Title: From Living Wage to Working Class Counter-power
Subtitle: Theory, Strategy And Struggle
Date: November 2014
Source: Retrieved on 26th June 2021 from www.anarkismo.net and on 10th November 2021 from lucienvanderwalt.com
Notes: Published in Bargaining Indicators 2015: A Collective Bargaining Omnibus, volume 15, pp. 117–124. This is a slightly expanded and revised version of a paper previously published in the ‘South African Labour Bulletin,’ volume 39, number 2, pp 35–39. This was part of a presentation on ‘Paying Living Wages: A Reality or Mirage?,’ delivered at a colloquium organised by the Kenyan Human Rights Commission (KRC) Consortium, Panafric Hotel, Nairobi, Kenya, 27–28 November 2014.


Based on a talk given at a Living Wage Conference in Kenya, this article argues that, while statutory minimum wages and other improvements are welcome gains, they are inadequate in an exploiting system based on the rule of the few. It is necessary to pose the more ambitious demand for a ‘living wage’ set by the working class. This should be developed and enforced as part of a process of building powerful, autonomous, self-managed, politically conscientised and universalist class-struggle movements opposing all forms of oppression. Rejecting ‘privilege’ theories, this article argues that all sectors of the broad working class benefit from demands and campaigns that secure equal rights, equal treatment and equal wages, against divide-and-rule systems, and in which strikers build alliances with communities and users. A ‘living wage’ movement of this type should be located in a larger project of building a popular counter-power that can resist, and then topple, ruling class power.


The fight for a ‘living wage’ is part of the struggle, but is not an end in itself; it should link to broader working-class struggles to build a counter-power that overthrows the existing power structure.[1]


The wage system is at the heart of the subjugation of the broad working class, that is, workers, their families and the unemployed. not owning any independent means of existence, for example, land or productive machinery or governing power, and access to real decision-making, the working class is compelled to work for wages, in order to survive.

Even those who do not have waged employment are reliant, through family members, on the wages by those who are employed; the unemployed are, above al , unemployed workers. in this sense, the working class are ‘wage slaves’: unlike slaves bought permanently by masters, the wage slaves must seek out masters and sel themselves, by the hour (Bakunin, [1871] 1993).

Since wages are always below the level of workers’ output, workers are exploited through the wage system: they are paid less than the value of what they produce, the surplus value accruing to employers (kropotkin, [1887] 1970: 71).

These employers are the state, including the state corporations and army, and private employers, especially corporations, but also include small employers. The big employers constitute a ruling class, owners of the state and of capital, including of state capital and the political and military elite. That is, exploitation is not the sole preserve of private capitalists, but is also undertaken by the upper levels of the state apparatus, the ‘bureaucratic aristocracy’ (Bakunin, [1873] 1971: 343), including military heads, parliamentarians, and so forth.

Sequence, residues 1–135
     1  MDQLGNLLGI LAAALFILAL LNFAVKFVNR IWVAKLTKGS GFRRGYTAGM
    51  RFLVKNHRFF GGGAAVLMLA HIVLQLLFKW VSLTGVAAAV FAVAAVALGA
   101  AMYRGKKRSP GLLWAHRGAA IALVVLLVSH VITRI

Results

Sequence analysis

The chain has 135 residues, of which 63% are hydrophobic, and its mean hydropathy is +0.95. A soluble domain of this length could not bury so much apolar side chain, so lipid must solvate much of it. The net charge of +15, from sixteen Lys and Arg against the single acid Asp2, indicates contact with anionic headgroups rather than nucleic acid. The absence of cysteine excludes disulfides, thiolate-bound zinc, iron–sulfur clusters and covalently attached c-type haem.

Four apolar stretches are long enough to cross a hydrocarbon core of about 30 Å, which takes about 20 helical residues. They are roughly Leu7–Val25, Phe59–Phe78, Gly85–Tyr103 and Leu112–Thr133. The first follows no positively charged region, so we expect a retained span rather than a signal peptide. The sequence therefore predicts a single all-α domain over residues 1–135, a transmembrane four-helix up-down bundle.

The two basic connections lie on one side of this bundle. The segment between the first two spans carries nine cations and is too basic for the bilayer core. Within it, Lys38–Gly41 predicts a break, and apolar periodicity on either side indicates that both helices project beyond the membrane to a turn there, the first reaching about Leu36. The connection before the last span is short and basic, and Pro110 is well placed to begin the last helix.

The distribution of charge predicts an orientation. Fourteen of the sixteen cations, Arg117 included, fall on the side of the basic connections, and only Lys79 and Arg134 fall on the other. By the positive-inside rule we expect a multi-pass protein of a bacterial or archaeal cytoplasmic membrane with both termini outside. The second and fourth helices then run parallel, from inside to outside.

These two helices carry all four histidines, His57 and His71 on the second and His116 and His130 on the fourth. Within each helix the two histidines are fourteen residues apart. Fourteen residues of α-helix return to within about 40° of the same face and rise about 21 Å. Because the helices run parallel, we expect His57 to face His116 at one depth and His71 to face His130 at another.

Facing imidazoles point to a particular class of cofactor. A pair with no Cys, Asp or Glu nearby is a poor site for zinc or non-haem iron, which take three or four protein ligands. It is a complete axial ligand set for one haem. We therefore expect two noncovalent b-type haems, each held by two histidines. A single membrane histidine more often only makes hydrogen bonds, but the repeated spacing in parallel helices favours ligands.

Exploitation is closely linked to a larger system of domination economically, culturally, socially, political y by the ruling class, that is, those who control the means of administration, coercion and production over the popular classes as a whole. Besides the working class (broadly understood), the popular classes include the peasantry (the smal family farmers, exploited through rent, taxes and monopolies) (for more on the peasantry, see Kropotkin, [1887] 1970: 55).

It is through two pyramid shaped structures that the ruling class – a small minority – has centralised power and wealth in its hands, these being states (centred on state managers: political and military elites) and corporations (centred on private capitalists), which work together. The struggle for higher wages is, in short, a struggle against the ruling class.


A minimum wage means a legally-enforced wage below which workers cannot be paid. This might apply to specific sectors, for example, farming, or specific jobs, such as teachers. it could also be a national wage level.

It is better to have a minimum wage than not, since it provides a ‘floor’ below which wages cannot fall. Certainly, employers – state and private – prefer not to pay minimum wages; it limits their power.

But a minimum wage is not the same as a living wage, and the workers’ movement should fight for living wages, instead of minimum wages. This distinction has not always been clearly drawn by labour movements (see Cottle, 2014:5), with the 1985 Founding Resolutions of the Congress of South African Trade Unions (COSATU), for example, speaking confusingly about a ‘living minimum wage’ (COSATU, 1985: 26).

A living wage is a wage upon which working-class people can live with dignity and justice.

A living wage is a wage that meets working-class needs – not just subsistence needs (costs of living) but also larger social and cultural needs, enabling a dignified existence. (These larger needs are not captured in most efforts to provide formulae for calculating a living wage: for an overview of possible calculations, see Cottle, 2014: 2–4).

It should also be set at levels that remove, as far as possible, divisions within the working-class, that is, also helps achieve the political need for working class unity against al forms of oppression. Naturally this all opens the door to escalating demands, but wage levels are profoundly political and their determination is an important area of engagement and mobilisation.

Since these living wage goals bring the working class into direct conflict with the existing social order, the living wage struggle needs to be part of a fight for much more radical changes. Minimum wages, where they exist, are normally set at the lowest levels of barebones subsistence (food, shelter, clothing and so on) agreeable to employers. in almost all cases, minimum wages are set below the level unions and workers demand (see for example, COSATU, ca. 1990). given inflation and rising costs, statutory minimum wages fall in real value, allowing employers to effectively cut wages to below basic subsistence.